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Mecardo Blog

Matt Dalgleish

Matt Dalgleish
Prior to joining Ag Concepts, Matt began his career in 1993 with ANZ Bank as a technical analyst for foreign currency and interest rate markets. Matt progressed onto the currency trading desk, both in Australia and London. In 2005 he left ANZ to pursue a career in teaching. Matt spent six years in the education sector initially teaching VCE Economics and then moving onto special needs education. From early childhood, Matt has always had an interest in the agricultural sector. In 2012, he decided to move his family to a hobby farm on the outskirts of Ballarat where he could pursue a more rural lifestyle. Most recently, Matt worked as a property manager for two local real estate firms in Ballarat. Matt holds a Bachelor’s degree in Economics and Finance from RMIT and a postgraduate degree in Education from Monash University.

Recent Posts

There and back again.

Posted by Matt Dalgleish on 8 December 2017

You could say that my journey to agriculture was a long one, full of many seemingly unrelated twists at turns. Although, it may surprise some (coming from a city born chap) that my earliest of work experiences came from an on-farm environment.

From that perspective I was “there” in agriculture at the beginning and now I’m “back again”.

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Topics: Agriculture

How do you reduce price volatility in wool?

Posted by Matt Dalgleish on 3 October 2016

This blog article takes a look at managing downside price risk exposure for a wool grower using forward contracts and minimum price contracts.

There are two predominant strategies to reduce the effect of price volatility when selling physical wool for a date in the future. These are by using a forward contract or using a minimum price contract (MPC).

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Topics: Wool market / wool price, Wool industry

How to use "one cancels other" wool orders.

Posted by Matt Dalgleish on 23 May 2016

The purpose of this blog is to explain more about using “one cancels other” or OCO orders on the Riemann wool forward market with a particular focus on the 19 and 21-micron contracts. As part of the blog we will also undertake analysis of the basis between 19 and 21-micron classes to outline the seasonal movement in this basis, including how/why the basis has narrowed over time.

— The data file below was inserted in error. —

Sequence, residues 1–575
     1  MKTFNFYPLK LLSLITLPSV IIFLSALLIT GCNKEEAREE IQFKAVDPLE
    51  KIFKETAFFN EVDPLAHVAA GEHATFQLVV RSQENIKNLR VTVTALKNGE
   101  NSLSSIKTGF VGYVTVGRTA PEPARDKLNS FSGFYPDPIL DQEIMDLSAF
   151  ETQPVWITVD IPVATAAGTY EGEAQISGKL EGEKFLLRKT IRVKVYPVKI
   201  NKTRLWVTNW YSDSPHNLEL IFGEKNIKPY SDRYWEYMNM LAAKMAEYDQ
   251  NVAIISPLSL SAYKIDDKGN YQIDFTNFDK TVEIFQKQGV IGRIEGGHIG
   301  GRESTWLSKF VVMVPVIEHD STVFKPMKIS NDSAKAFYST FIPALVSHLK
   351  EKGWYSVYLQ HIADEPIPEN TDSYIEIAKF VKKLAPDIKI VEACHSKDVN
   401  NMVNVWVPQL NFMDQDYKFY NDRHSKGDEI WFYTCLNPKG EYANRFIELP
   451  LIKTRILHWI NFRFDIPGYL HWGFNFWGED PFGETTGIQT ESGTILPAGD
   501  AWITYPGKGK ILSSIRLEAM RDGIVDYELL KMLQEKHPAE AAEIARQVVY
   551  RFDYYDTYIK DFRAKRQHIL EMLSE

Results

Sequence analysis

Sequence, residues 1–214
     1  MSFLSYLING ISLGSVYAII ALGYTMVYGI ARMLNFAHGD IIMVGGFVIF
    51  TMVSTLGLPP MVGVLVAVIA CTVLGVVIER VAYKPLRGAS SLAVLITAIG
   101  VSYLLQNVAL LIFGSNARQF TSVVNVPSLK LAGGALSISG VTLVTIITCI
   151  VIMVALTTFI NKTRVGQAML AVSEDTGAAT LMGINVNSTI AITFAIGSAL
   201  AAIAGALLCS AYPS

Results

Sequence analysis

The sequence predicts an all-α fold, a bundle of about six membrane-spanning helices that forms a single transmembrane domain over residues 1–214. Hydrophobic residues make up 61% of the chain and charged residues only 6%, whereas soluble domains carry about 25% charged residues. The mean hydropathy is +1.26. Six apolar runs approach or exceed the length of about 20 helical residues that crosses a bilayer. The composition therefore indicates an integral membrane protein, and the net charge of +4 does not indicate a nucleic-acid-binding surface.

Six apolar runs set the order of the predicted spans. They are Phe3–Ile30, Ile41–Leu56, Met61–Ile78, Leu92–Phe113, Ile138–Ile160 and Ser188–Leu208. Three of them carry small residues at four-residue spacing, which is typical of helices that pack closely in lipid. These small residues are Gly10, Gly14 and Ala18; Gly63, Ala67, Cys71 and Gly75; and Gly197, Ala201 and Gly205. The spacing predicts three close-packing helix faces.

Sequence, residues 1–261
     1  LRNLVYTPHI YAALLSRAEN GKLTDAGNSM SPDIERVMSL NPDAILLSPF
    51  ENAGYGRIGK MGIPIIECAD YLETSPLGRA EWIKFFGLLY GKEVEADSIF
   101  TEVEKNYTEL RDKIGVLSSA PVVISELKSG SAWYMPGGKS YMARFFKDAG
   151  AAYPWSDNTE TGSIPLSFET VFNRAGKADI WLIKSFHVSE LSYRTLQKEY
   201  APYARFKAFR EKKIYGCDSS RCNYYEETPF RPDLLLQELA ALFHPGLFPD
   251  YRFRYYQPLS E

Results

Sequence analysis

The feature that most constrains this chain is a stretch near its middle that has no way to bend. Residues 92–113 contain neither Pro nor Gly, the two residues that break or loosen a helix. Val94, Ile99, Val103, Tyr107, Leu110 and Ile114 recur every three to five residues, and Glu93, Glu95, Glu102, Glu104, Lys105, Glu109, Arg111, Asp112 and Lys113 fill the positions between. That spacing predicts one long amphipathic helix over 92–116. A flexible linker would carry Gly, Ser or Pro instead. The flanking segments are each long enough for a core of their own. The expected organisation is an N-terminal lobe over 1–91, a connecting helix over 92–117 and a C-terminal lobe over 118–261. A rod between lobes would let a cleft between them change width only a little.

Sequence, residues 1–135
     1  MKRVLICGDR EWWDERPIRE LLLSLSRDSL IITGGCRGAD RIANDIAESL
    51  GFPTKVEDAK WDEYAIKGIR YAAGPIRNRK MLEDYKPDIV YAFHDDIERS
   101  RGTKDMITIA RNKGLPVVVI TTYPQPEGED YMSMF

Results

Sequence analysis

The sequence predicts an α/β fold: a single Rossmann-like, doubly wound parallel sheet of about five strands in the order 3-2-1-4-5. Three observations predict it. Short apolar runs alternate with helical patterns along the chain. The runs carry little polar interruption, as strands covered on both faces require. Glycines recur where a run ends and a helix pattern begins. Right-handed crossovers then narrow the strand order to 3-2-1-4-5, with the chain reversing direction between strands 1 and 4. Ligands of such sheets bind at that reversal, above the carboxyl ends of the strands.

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Topics: Wool market / wool price, Wool industry

5 reasons why transparency is important in the cattle industry

Posted by Matt Dalgleish on 14 April 2016

The Australian Competition and Consumer Commission (ACCC) announced in early April of a market study into the cattle and beef industry to be undertaken this year. Issues covered by the study are wide ranging but a particular aspect of the investigation that caught our eye was the focus on greater transparency with regard to profits and margins along the beef supply chain.

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Topics: Australian cattle industry, beef price

How to tell if the market is about to change direction – Part three

Posted by Matt Dalgleish on 7 March 2016

This blog is the third instalment in a series on technical analysis/charting tools used to predict potential change in market trend. The purpose of these series of blog articles is to give our readers a more in depth background on a variety of technical analysis tools that can be used as a reference point for readers unfamiliar with charting.

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Topics: Risk management, markets, technical analysis, trading

How to tell if the market is about to change direction – Part two

Posted by Matt Dalgleish on 10 February 2016

In December 2015 we published a blog article on technical analysis/charting and more specifically the use of a relative strength index (RSI) as one of many technical tools used to predict potential change in market trend. The purpose of these series of blog articles is to give our readers a more in depth background on a variety of technical analysis tools that can be used as a reference point for readers unfamiliar with charting.

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Topics: Marketing, Bollinger bands, markets, commodities, technical analysis, trading

How to tell if the market is about to change direction

Posted by Matt Dalgleish on 22 December 2015

A recent Mecardo cattle analysis article titled “Are we in for a short-term EYCI correction?” outlined some common methods often used in technical analysis (also known as charting) when forecasting market price trends.

We always aim to deliver short, punchy market analysis and outlook articles. As such, there is often limited space to explain the actual techniques we use to analyse markets. We thought it may be useful to publish a series of more in-depth blogs on some of these technical analysis tools that describes their use in more detail for readers not familiar with charting.

The purpose of this blog is to give the reader a better understanding of the Relative Strength Index (RSI) and how it can be used, particularly when identifying situations where prices might be ready for a correction.

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Topics: General information, Market analysis